Academic Freedom on the Front Lines

January 11, 2005

By any measure,

Brooklyn College ’s current leadership sports a dreary record regarding the protection of academic freedom on campus. In 2002, the college unsuccessfully attempted to deny me promotion and the resulting tenure for “uncollegial” behavior—which the administration defined, in writing, as disagreeing with the political, curricular, and personnel opinions of some senior colleagues. Last fall, the administration proposed making “collegiality” a basis of evaluation for the scholarship, teaching, service, and overall performance of all untenured faculty. (No doubt many faculty leftists would deem “uncollegial” the scholarship of Richard Pipes or the teaching of John Lewis Gaddis.) A few weeks later, an administration-invited speaker, Cathy Trower, urged members of college personnel committees to require all white male—and only white male—applicants to demonstrate a commitment to “diversity” before they could join the faculty. This past summer, exercising his responsibility under the CUNY Bylaws to enhance “the educational standards and general academic excellence of the college under his jurisdiction,” President C.M. Kimmich appointed to the History personnel committee a women’s studies professor whose website affirms her belief in combining her scholarship with activism for “assorted radical causes” but who in one job search had thought nothing of asking an applicant who had written for a conservative, Christian webzine about whether his kind of political beliefs belonged in the classroom. And on curricular matters, the college has zealously followed the written mantra of Provost Roberta Matthews: “Teaching is a political act...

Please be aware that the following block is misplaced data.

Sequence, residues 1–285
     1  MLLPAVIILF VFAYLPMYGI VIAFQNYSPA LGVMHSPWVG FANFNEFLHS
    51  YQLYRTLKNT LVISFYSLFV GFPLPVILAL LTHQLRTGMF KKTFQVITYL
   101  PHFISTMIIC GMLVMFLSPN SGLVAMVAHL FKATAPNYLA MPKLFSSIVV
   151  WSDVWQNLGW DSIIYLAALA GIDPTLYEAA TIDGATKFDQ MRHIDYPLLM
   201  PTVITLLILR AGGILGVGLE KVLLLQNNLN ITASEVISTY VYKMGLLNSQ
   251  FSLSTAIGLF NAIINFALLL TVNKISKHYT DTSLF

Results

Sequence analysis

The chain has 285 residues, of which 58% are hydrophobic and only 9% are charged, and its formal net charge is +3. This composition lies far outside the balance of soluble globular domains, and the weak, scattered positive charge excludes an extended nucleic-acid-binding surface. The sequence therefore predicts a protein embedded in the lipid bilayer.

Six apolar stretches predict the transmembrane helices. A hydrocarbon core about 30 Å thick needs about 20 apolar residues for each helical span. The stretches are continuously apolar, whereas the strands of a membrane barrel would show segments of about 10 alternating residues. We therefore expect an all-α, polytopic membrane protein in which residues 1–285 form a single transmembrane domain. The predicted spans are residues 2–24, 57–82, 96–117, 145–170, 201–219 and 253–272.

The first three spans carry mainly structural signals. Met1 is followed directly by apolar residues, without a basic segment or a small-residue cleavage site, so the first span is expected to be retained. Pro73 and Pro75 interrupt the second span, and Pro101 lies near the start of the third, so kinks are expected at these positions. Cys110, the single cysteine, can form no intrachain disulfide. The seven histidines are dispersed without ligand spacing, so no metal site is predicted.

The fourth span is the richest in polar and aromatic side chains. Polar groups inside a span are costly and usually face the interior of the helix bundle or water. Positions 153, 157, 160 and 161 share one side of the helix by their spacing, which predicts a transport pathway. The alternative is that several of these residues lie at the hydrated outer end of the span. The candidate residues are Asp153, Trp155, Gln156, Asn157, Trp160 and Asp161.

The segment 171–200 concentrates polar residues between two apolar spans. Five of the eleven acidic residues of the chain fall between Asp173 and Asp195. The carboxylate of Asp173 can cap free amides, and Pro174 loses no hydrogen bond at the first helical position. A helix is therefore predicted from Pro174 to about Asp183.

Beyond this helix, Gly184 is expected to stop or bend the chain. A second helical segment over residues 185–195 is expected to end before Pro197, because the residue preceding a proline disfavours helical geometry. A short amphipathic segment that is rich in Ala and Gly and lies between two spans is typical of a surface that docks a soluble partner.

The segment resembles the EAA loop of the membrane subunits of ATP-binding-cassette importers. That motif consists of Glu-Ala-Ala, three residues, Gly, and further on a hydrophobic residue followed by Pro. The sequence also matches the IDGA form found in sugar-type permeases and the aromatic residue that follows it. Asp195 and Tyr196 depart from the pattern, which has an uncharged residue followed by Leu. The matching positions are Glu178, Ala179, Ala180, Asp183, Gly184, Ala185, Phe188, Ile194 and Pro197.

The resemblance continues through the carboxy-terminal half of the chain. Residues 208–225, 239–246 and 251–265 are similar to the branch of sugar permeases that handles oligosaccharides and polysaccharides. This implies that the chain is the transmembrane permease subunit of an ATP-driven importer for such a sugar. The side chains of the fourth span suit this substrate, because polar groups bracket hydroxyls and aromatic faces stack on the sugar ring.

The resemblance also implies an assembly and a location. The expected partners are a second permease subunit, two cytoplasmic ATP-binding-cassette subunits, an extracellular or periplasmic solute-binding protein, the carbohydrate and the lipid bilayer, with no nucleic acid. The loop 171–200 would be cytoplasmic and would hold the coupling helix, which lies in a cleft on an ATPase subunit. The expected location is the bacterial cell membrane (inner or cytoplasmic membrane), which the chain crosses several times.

Schools: Brooklyn College, City University of New York Cases: Brooklyn College: Administrative Attempt to Stop Academic Freedom Resolution